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DW Spectrum IPVMS Automatic Camera Failover

DW Spectrum® IPVMS Automatic Camera Failover


Affected Roles:  Administrator, Owner

Related Digital Watchdog VMS Apps:  DW Spectrum® IPVMS

Complexity:  Medium

Last Edit:  December 7, 2021


What is Automatic Camera Failover?

When using a DW Spectrum® IPVMS System that consists of merged DW Spectrum Servers, the Automatic Camera Failover feature can be activated to allow a DW Spectrum System to automatically recover its recording status when a power or networking failure occurs with a DW Spectrum Server. Rather than all of the downed server’s associated cameras halting all recording, the Automatic Camera Failover feature tells the DW Spectrum System to divert the capture of the downed server’s cameras from the failed Server to a working that is merged within the same DW Spectrum System.

A single Server can handle a maximum of 128 cameras. So, for example, if a Server is actively recording 64 cameras it can act as a Failover Server for up to 64 additional cameras from other Servers in the System. Failover takes approximately 1 minute in the instance of a network or power failure.

This article will outline the Automatic Camera Failover feature of the DW Spectrum IPVMS platform and how to designate a server as a Failover Server and how to set Failover Priorities for devices in the DW Spectrum Client.

Defining DW Spectrum IPVMS Terms

  • Failover – an included feature of DW Spectrum IPVMS that allows the automatic retrieval of camera streams from DW Spectrum Servers that suddenly become unavailable for streaming or archiving video footage.
  • Failover Server – the DW Spectrum Server hardware that has been designated as the end-point upon rerouting camera streams from a downed server.
  • DW Spectrum Server – this term is used when referring specifically to the DW Spectrum software, which runs in the background of hosting hardware, or refers to the hosting hardware itself. The purpose of a DW Spectrum Server is to act as the receiving node that archives video footage, manage local camera settings, and to process and analyze video for camera motion detection and analytics.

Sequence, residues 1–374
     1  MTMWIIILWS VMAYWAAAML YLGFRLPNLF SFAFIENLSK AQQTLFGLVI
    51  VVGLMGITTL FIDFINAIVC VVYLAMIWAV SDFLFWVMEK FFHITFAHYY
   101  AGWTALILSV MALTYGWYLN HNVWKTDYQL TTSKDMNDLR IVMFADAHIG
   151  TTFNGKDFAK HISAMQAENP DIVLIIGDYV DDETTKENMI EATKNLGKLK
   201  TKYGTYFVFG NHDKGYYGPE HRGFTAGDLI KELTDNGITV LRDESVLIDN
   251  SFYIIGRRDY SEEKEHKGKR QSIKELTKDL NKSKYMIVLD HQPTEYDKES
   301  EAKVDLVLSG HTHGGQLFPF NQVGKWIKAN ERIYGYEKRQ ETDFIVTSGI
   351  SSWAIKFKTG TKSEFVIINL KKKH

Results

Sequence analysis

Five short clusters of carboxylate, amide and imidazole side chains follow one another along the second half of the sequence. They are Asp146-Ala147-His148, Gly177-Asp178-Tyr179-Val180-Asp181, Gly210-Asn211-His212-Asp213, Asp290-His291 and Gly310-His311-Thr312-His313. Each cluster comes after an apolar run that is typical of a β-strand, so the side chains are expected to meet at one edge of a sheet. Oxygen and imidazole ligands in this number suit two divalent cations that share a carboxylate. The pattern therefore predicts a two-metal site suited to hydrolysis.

• DW Spectrum System – this term is used when referring to the DW Spectrum setup as a whole. A DW Spectrum System can be comprised of only one DW Spectrum Server or it can be comprised of several DW Spectrum Servers that have used the Merge feature to become a single system, similar to a “hive mind”, through which the servers may share resources with each other.
  • DW Spectrum Client – this software acts as the desktop application that provides a user interface (UI) through which users may view camera video, manage settings, and generally interact with their DW Spectrum System.

Failover Design Considerations

DW Spectrum’s server-hive architecture is flexible enough to implement the Failover feature in a variety of methods. When designing and implementing a DW Spectrum System that will utilize the Failover feature, careful consideration should be given to the systems design. A Failover Server can be designed to use the Standby Method or the Overhead Method (defined below).

For example, a DW Spectrum System is comprised of a total of 140 cameras (each using a similar video resolution), shared between three (3) merged DW Spectrum Servers.

Using this example:

  • Standby Method – a DW Spectrum Server, that is part of a merged system, that has no assigned cameras, and is free of most operational duties, can be assigned to act specifically as the Failover Server. Until a server failure occurs within the system, the Failover Server will standby.

Using the example above, two (2) servers are in production/recording mode, each recording 70 cameras (140 total). An additional (3rd) DW Spectrum Server has been merged into the system to act only as a Failover Server. With no cameras assigned to it and the Failover feature enabled, if either of the primary servers producing video archives happens to unexpectedly go offline (power loss, network crash, etc.), the Failover Server will begin to archive the video of cameras that were originally assigned to the downed server.

  • Overhead Method – DW Spectrum Servers within a merged system each are responsible for managing and archiving camera video for their assigned cameras. However, if one of the servers should unexpectedly go offline, the remaining operational servers will combine their own processing resources to fill in for the downed server.